Genome-wide mRNA and lncRNA expression profiles (RPKM expression levels) were downloaded from TCGA long non-coding RNAs database (http://larssonlab.org/tcga-lncrnas/index.php) according to Akrami’s study [17]. Briefly, the acquisition and processing of mRNA and lncRNA expression profiles were performed by Akrami et al. as follows [17]: TCGA RNA-seq data in FASTQ format was realigned to the Hg19 assembly using TopHat software and read counts for each lncRNA and mRNA were obtained using HTSeq-count. Then, RPKM values were used to quantify expression levels of lncRNAs and mRNAs by normalizing for lncRNA or mRNA length and library size and were log transformed using log2 (RPKM + 0.01) [17]. A total of 20,462 mRNAs and 10,419 lncRNAs were finally retained in the further analysis.

Statistical analysis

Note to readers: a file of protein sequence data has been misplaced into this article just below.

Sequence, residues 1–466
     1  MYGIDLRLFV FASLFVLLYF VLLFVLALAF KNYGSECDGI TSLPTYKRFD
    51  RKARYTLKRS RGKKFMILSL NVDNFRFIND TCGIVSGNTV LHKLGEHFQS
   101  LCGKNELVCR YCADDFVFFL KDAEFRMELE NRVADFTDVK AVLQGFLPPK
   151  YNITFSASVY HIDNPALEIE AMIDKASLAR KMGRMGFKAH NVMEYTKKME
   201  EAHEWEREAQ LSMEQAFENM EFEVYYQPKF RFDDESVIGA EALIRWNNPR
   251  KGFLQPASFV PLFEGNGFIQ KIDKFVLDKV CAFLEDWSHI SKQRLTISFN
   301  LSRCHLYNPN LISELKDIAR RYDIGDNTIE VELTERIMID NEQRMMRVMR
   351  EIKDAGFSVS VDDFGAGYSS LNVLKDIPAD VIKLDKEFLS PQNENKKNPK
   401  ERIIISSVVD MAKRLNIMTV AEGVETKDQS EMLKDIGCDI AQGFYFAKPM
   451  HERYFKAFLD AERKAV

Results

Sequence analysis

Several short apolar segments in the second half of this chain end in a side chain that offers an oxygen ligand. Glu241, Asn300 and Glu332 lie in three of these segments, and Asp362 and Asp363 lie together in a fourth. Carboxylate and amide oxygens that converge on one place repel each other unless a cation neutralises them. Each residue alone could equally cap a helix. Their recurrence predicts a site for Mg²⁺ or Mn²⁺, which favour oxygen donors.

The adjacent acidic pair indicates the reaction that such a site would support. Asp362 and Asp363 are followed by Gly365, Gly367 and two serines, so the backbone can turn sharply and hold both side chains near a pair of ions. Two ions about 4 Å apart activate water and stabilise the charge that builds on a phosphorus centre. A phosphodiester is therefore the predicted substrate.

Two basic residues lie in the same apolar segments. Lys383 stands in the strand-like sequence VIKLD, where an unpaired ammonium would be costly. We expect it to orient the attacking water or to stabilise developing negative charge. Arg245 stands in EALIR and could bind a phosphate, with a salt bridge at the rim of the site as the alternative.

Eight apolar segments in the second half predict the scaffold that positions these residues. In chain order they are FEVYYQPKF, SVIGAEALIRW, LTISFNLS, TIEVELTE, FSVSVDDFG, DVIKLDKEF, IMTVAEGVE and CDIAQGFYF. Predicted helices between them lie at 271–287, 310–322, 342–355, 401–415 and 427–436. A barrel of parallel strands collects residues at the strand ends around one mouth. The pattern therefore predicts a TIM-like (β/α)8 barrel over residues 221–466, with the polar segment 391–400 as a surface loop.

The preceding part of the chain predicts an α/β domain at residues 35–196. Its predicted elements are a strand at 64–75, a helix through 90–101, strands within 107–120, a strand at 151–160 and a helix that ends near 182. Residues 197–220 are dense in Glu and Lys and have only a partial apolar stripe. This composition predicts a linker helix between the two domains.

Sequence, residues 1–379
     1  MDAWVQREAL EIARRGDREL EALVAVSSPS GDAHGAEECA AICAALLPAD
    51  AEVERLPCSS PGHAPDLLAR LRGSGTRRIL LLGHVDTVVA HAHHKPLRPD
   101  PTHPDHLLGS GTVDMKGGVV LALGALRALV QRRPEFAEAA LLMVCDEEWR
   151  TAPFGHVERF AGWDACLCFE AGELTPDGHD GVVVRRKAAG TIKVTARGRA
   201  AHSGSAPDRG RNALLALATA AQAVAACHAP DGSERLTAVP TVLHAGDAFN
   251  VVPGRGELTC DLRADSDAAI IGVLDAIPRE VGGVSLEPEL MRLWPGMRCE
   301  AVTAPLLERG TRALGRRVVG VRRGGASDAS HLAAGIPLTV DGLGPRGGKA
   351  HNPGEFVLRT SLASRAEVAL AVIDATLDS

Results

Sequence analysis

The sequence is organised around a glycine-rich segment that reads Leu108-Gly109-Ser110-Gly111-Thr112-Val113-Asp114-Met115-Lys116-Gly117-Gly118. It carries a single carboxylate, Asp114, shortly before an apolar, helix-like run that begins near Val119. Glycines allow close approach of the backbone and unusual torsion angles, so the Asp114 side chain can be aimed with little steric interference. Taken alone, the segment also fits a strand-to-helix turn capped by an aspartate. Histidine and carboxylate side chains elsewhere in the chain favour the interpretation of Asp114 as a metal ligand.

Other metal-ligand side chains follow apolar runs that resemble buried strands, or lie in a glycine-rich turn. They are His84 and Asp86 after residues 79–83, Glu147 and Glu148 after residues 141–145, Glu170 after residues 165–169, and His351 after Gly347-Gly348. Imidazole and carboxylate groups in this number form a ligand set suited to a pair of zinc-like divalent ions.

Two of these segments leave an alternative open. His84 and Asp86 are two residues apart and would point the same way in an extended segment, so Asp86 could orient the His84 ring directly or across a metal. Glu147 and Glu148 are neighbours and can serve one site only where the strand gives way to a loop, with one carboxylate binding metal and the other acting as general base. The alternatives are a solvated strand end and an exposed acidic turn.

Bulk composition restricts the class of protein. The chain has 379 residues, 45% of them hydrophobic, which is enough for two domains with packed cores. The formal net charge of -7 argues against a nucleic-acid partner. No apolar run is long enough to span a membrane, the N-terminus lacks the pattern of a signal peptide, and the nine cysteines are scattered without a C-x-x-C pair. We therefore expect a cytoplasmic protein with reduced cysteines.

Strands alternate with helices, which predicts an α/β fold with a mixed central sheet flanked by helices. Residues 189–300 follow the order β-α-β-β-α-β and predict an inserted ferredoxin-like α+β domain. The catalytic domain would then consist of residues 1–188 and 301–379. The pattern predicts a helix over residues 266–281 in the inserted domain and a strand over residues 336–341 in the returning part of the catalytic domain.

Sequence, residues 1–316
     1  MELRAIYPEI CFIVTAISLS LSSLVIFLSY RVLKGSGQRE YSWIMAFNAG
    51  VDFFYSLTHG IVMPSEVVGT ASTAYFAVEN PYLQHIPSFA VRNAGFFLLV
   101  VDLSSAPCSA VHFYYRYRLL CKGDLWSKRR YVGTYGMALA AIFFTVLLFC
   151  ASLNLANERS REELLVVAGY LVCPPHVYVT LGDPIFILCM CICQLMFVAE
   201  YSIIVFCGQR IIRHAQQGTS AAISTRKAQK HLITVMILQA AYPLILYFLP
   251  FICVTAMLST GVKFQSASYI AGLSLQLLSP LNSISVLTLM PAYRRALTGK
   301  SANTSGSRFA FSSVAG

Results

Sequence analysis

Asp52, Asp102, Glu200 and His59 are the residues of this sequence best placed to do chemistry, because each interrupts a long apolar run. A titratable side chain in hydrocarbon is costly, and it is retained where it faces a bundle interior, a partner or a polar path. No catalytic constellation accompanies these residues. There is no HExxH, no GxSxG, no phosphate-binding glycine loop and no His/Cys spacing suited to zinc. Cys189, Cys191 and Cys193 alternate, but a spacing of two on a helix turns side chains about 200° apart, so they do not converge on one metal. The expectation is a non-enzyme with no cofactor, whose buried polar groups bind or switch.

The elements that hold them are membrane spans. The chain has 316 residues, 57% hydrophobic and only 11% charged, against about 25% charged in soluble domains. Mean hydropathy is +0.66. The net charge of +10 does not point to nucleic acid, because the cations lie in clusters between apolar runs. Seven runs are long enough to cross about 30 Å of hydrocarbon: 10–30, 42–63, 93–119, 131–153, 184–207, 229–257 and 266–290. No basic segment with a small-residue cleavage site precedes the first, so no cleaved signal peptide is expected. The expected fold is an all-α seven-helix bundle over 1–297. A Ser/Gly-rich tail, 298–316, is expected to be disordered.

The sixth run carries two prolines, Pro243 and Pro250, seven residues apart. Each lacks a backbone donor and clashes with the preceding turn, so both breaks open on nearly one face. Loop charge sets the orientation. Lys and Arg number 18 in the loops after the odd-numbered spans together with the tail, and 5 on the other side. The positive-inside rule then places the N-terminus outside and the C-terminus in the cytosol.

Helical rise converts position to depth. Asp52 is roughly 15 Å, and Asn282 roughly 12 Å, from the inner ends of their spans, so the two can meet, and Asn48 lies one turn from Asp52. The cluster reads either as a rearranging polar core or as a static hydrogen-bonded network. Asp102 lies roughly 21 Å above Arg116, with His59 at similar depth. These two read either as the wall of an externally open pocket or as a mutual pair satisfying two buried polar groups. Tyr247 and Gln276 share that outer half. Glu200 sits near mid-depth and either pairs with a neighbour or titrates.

Univariate Cox regression analysis was used to select candidate prognostic lncRNAs that were significantly correlated with overall survival at the significance level of 1%. All candidate prognostic lncRNAs were subjected to the multivariate analysis with Cox proportional hazard model for identifying lncRNA biomarkers with independent prognostic value. The survival rate and median survival for each prognostic risk group were calculated using the Kaplan-Meier method. The survival difference between the high-risk group and the low-risk group was assessed by log-rank test with 5% significant level. Univariate Cox analysis was performed to evaluate the prognostic value of lncRNA signature. To assess the independence between lncRNA signature and the key clinical factors, multivariate Cox regression and stratification analyses were conducted. Hazard ratios (HRs) and 95% confidence intervals (CIs) were computed by the Cox analysis. The comparison of survival prediction based on lncRNA signature and key clinical characteristics were performed by the time-dependent receiver operating characteristic (ROC) analysis. Kruskal-Wallis test was used to compare expression levels for each lncRNAs across four UCEC subtypes. All statistical analyses were performed using R/Bioconductor.